Debra Joe Chiapuzio teaches CPR – canine pet resuscitation. The La Habra Heights native wants every fire station to learn how to do it and have the specialized equipment needed to save a pet’s life.
“I grew up with lots of animals – horses, cows, a donkey. I’ve always loved animals so I want to help them,” Chiapuzio explained.
So the Anaheim resident started the Emma Zen Foundation, named after her frisky black labrador. Together, they raise money to buy pet resuscitation kits for local firefighters.
“We’ve already outfitted every fire station in Orange County, now we’re reaching out to the Los Angeles County Fire Department,” Chiapuzio said.
The nonprofit foundation has donated pet oxygen masks to fire stations in Rowland Heights, Diamond Bar and Walnut. The special oxygen masks are specifically designed to fit the muzzles and snouts of dogs, cats and other household pets.
Sheriff’s narcotics investigators arrested two men and discovered about 2,000 marijuana plants with an estimated street value of $6 million at three grow houses in Diamond Bar and Hacienda Heights on Wednesday.
The marijuana plants were in various stages of growth.
Sgt. Jim McGee of the sheriff’s Narcotics Bureau said a tip led them to a house in 23200 block of Forest Canyon Drive in Diamond Bar. Deputies arrested two men seen coming out of the house.
McGee said further investigation led to two other locations – a house in the 20900 block of Running Branch Road in Diamond Bar and a residence in the 17000 block of Glenfold Drive in Hacienda Heights.
Forget carmegeddon, if everything works out as planned it could become autopia.The California Department of Transportation will close portions of the Pomona Freeway tonight for “pavement rehabilitation.”
And if you’ve driven on Route 60 through Hacienda Heights and Rowland Heights, then you know how badly this busy freeway needs the work. Fortunately, this $121 million project will begin to address many of the problems facing local drivers.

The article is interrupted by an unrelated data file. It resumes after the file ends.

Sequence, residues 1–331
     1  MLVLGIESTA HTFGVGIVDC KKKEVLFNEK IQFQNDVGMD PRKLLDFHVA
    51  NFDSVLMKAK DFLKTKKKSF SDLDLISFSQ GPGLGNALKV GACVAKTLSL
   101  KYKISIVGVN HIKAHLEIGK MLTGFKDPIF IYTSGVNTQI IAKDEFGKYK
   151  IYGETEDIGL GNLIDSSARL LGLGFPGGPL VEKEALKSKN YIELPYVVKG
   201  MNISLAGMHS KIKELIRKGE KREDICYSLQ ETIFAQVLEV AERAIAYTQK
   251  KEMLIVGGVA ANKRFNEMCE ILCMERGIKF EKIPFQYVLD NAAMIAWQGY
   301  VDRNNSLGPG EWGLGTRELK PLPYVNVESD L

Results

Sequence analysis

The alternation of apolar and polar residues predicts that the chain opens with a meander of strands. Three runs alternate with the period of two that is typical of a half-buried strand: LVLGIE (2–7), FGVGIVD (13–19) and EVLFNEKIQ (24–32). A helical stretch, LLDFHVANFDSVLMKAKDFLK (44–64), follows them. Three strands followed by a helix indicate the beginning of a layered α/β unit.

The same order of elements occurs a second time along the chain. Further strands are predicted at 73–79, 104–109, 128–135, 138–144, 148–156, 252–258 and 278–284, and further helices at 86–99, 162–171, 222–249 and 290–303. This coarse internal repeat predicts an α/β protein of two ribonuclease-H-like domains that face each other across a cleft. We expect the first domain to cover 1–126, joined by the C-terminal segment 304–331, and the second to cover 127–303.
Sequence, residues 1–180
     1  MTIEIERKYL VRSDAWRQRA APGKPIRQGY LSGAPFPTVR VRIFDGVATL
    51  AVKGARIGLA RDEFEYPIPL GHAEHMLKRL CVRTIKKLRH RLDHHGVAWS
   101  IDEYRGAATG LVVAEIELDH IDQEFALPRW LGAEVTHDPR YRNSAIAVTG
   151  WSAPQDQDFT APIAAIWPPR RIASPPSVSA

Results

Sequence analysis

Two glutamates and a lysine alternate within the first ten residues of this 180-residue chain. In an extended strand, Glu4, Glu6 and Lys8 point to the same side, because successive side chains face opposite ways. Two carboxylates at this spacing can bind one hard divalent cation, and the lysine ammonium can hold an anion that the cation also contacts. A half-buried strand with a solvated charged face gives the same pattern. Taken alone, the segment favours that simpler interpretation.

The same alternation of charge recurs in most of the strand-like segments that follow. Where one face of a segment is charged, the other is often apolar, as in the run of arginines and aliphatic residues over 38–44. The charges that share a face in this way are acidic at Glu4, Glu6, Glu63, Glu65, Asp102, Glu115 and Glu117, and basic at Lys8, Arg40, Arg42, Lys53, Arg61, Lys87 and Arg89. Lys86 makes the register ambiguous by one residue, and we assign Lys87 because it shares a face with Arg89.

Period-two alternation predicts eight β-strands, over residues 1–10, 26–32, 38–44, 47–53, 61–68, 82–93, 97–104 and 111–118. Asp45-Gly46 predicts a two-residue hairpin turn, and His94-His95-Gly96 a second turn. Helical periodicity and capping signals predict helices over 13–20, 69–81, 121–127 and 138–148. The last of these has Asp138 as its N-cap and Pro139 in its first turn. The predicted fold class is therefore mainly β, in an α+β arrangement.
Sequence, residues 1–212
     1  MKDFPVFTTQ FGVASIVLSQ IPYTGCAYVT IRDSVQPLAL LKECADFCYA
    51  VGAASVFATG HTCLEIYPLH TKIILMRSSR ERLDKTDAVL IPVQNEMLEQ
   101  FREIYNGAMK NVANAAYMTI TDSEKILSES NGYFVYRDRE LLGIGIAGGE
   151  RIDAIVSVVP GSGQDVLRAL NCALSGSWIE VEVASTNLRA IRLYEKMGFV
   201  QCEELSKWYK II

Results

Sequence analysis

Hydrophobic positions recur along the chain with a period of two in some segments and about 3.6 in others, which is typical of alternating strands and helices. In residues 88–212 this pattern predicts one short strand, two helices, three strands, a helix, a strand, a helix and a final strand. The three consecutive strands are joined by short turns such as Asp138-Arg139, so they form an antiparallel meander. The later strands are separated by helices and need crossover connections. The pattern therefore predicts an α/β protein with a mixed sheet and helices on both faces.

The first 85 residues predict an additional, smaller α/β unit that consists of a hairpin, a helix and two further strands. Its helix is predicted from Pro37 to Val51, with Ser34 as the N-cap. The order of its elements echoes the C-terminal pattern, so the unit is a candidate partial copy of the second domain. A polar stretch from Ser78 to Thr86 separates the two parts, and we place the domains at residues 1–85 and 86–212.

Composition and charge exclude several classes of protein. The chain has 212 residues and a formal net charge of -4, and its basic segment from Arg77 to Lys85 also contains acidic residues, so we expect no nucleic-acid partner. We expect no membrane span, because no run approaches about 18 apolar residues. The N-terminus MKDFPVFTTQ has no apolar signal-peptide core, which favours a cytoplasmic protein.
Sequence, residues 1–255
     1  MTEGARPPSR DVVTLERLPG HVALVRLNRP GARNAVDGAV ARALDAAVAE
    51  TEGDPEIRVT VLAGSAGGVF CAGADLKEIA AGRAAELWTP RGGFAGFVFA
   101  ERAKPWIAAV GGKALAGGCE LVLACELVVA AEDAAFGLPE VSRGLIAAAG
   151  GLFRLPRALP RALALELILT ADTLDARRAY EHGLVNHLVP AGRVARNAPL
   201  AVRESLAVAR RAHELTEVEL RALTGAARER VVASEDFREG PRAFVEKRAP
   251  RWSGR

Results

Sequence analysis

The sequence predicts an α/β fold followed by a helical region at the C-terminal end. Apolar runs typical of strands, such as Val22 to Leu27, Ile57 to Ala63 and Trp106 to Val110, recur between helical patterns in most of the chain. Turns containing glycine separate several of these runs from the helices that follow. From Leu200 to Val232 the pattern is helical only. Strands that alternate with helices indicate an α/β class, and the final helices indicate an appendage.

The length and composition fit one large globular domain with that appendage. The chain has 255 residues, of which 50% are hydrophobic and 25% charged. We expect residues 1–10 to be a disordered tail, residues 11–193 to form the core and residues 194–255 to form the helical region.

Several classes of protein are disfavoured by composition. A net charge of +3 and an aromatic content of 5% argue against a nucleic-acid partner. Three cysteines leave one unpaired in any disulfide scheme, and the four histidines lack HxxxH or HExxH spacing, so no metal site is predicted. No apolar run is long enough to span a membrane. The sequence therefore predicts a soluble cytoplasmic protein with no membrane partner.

The corduroy road buffets drivers trying to get to Los Angeles every morning and back to the suburbs in the evenings.
Caltrans notes the route is heavily used by commuters and large trucks transporting goods from the ports of Los Angeles and Long Beach. As a result the roadbed has experienced extensive wear.
Learn about the closures in Rich Irwin’s story PAVING.
Ken Deck and Mike Holmes, general managers of the Rowland and Walnut Valley water districts, will speak to the Rowland Heights Community Coordinating Council on Monday, Oct. 8, at 8 p.m.
Rowland Heights, Diamond Bar and Walnut lack access to groundwater suitable for domestic purposes. Potable water is imported by the Metropolitan Water District and resold to local water districts.
This imported water may be disrupted at any time by a drought, as well as earthquake damage to the delta levees or aqueducts used to transport it. Local water districts can’t control the cost for this imported supply.
Deck and Holmes will discuss how the two districts are working together to improve the situation.
The Rowland Water District will hold a public hearing at 6 p.m. on Tuesday to discuss water rates and service charges. In April, an independent financial consultant completed a rate study that examined the district’s rising operating expenses.
Rate changes were recommended based on the study’s findings. The hearing will be held in the district’s board room at 3021 S. Fullerton Road, Rowland Heights.